As you know, I am a bit cynical about MOOCS (main purpose – eventually to make money), but this German initiative centred on “iversity” made me sit up and take notice:
“The major focus for iversity in the near future will be increasing the number of credit-earning MOOCs. This is a major opportunity in Europe that is not quite as feasible in the U.S., because most universities in Europe are funded publicly. Hannes explains: “In the U.S. the university that accepts credit from other institutions loses out on revenue because you pay on a per credit basis, whereas the European institution does not receive any tuition fees, so it doesn’t have as much of a problem with accepting credits from another institute.” What is iversity’s plan? Hannes sketched out a potential concept: iversity convinces, say, 25 European universities to form a sort of consortium, where they agree to produce 4 courses each (at an estimated cost of 25,000€ each). The universities agree to inspect the quality of the courses in order to exchange ECTS credits. They each also provide exam space. Thus, for an investment of 100,000€ and a commitment to produce 4 courses, each university has access to 100 credit-granting MOOCs for its students. These MOOCs can be offered to the public without credit, and would be assured of their high quality, or perhaps for some specialized courses, universities could even monetize some courses by charging for executive education enrollments.”
However, the link to the article about Germany is embedded in Dhawal Shah’s article in Class Central (how I found it), with its sunny outlook for future revenue streams, with or without partnerships with universities. Surely the end game is the money promise. The issue hinges on credit recognition:
“Last year we predicted that credit-granting MOOCs would be a key trend in 2014–we were wrong. There have been a few small experiments by universities to offer credit, such as a criminal justice MOOC at Penn State, and an intro computer science MOOC at the University of Oklahoma, though European universities seem to be closer in making this jump, with the provider iversity planning to work with European universities to offer credit. There are also MOOCs being offered in partnership with professional and continuing education programs (which confer professional education credits, certificates, or degrees): NovoEd is helping Stanford’s Graduate School of Business to bring their executive program online, and edX partnering with professional education programs to bring some courses online. However, besides these experiments, the major development in 2014 has been the Big 3 MOOC providers, Coursera, Udacity, and edX, introducing their own credentials for paid courses.”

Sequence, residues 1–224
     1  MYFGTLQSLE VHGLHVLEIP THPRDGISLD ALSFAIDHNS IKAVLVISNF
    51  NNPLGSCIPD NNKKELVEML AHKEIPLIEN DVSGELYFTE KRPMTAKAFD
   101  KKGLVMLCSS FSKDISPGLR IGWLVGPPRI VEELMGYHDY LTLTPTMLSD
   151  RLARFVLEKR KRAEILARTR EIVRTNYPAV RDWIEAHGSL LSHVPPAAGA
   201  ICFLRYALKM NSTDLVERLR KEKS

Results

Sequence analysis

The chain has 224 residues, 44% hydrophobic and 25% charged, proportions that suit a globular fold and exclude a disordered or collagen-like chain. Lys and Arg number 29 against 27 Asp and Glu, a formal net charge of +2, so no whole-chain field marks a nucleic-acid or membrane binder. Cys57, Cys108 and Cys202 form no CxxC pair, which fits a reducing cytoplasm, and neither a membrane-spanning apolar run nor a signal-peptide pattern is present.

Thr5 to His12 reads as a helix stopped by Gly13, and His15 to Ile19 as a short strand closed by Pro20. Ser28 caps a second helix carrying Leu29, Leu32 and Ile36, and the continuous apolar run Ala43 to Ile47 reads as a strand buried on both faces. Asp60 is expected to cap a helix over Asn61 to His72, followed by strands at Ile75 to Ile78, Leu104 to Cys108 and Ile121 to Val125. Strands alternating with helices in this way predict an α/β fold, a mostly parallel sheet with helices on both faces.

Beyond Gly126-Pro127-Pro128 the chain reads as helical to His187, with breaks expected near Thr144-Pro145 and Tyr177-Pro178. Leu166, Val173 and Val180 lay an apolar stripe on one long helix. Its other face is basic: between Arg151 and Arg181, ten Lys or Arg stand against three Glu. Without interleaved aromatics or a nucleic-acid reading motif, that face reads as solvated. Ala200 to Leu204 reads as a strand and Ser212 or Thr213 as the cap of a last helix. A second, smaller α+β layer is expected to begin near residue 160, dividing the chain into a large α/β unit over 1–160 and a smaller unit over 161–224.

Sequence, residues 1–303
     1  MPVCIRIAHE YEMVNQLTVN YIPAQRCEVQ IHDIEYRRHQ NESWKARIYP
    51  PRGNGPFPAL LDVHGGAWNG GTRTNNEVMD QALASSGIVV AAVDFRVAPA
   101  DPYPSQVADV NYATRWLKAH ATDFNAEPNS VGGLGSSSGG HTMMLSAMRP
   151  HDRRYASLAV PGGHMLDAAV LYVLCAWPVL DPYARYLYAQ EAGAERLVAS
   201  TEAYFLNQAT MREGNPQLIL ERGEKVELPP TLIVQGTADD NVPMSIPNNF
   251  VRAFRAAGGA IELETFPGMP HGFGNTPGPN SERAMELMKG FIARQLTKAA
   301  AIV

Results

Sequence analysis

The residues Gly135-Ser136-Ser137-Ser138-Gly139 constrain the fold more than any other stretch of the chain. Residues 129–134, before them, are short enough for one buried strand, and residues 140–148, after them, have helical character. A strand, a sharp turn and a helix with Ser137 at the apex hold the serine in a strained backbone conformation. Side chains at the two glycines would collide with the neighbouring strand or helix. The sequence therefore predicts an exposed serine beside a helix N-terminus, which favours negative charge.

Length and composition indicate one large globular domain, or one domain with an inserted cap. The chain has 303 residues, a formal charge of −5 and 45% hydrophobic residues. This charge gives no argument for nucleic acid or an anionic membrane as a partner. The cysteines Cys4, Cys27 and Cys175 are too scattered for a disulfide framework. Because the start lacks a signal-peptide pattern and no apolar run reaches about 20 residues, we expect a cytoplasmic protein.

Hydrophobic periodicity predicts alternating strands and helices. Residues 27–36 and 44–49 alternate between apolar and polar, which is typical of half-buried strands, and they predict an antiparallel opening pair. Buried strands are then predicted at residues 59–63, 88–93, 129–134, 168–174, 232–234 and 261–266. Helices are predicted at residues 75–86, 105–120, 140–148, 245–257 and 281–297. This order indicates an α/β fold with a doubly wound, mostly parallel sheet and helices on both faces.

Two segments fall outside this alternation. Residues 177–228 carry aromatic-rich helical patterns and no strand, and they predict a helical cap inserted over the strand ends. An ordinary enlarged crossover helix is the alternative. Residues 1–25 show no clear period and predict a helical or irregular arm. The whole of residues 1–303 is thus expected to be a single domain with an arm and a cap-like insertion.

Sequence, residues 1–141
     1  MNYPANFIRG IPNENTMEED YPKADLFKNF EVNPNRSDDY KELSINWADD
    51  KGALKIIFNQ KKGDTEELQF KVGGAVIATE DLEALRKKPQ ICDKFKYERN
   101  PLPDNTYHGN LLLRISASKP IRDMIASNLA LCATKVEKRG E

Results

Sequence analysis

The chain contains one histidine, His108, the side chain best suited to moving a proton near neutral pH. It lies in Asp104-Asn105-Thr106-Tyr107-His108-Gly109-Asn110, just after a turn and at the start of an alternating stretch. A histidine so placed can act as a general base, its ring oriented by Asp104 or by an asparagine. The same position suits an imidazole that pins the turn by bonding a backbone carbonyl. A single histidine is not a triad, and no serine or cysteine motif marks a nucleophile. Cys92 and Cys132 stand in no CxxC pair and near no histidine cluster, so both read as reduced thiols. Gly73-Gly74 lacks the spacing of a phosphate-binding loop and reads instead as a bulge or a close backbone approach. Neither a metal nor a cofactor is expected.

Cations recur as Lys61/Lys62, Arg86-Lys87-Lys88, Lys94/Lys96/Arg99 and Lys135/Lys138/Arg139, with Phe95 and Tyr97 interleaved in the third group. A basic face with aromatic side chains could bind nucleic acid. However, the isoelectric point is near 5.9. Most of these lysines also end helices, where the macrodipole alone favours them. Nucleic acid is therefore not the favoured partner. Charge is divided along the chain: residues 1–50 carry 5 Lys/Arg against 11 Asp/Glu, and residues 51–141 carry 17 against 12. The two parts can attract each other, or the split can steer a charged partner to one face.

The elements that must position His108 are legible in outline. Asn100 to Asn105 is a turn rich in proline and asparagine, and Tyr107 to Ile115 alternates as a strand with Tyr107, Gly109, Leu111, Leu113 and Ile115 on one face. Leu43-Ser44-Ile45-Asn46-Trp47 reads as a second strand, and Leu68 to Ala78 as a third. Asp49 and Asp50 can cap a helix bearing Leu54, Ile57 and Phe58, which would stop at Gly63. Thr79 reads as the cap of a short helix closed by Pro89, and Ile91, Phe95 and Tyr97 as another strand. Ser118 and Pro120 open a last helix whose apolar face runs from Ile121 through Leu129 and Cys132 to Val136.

It must be tempting to US universities under the budget kosh to cut deals in the future with private MOOC providers (universities supply the intellectual content; private companies provide the delivery vehicle). How long before a small consortium of Australian universities do this? The G8? Our concern will be about the quality of learning in such courses if they become an irrepressible trend adopted willy nilly. In addition, if universities don’t get on board or into partnership, in the near future we may eventually see certain professions accepting MOOC credits as valid skill development for their needs and bypass universities all together. If MOOCers and universities ever mount a convincing argument about equality of distance learning experience via automated systems (with little or no teacher-student contact) versus face-to-face encounters, universities might be radically transformed into clearing houses or mere grocery stores for different brands of MOOCs. A few elite research institutions might survive the cultural change if they can guarantee regular funding for all the bright, highly-paid research professors. I am not trying to be apocalyptic here – just speculating on what might happen in a worse-case scenario for those of us who believe in the current shape and purpose of a modern university. The concept of the universitas magistrorum et scholarium is medieval in provenance, but one that has survived through the years as it evolved into its modern guise. A lot of assumptions are implicit in the contemporary existence of universities: that come what may, they will always be here in some recognisable form as they are considered a net, vital, public good (even when many are private in some parts of the world); that universities provide a unique, creative habitat,a kind of sanctuary for free intellectual development not reproducible otherwise and not subordinated to a singular ideological project or market imperatives (a delicate dance, as we know, for private universities, which don’t always pull it off); lastly, it is assumed that if you put different Faculties of learning together, they will collectively levitate – Science, Architecture, Medicine, Human Sciences, Health, Engineering, etc., all belong together under the same institutional and administrative roof – they are more than the sum of their parts. Once we can no longer defend and justify these assumptions, universities may morph, change, disappear, become unrecognisable. Who knows? (none of the crystal balls at Paddy’s market work).
If we must have MOOCs, let’s make sure there is a democratic global distribution of their benefits and profits. That can only be guaranteed by local production, I would suggest, but only if they can prove their all-round worth. I can’t see it yet.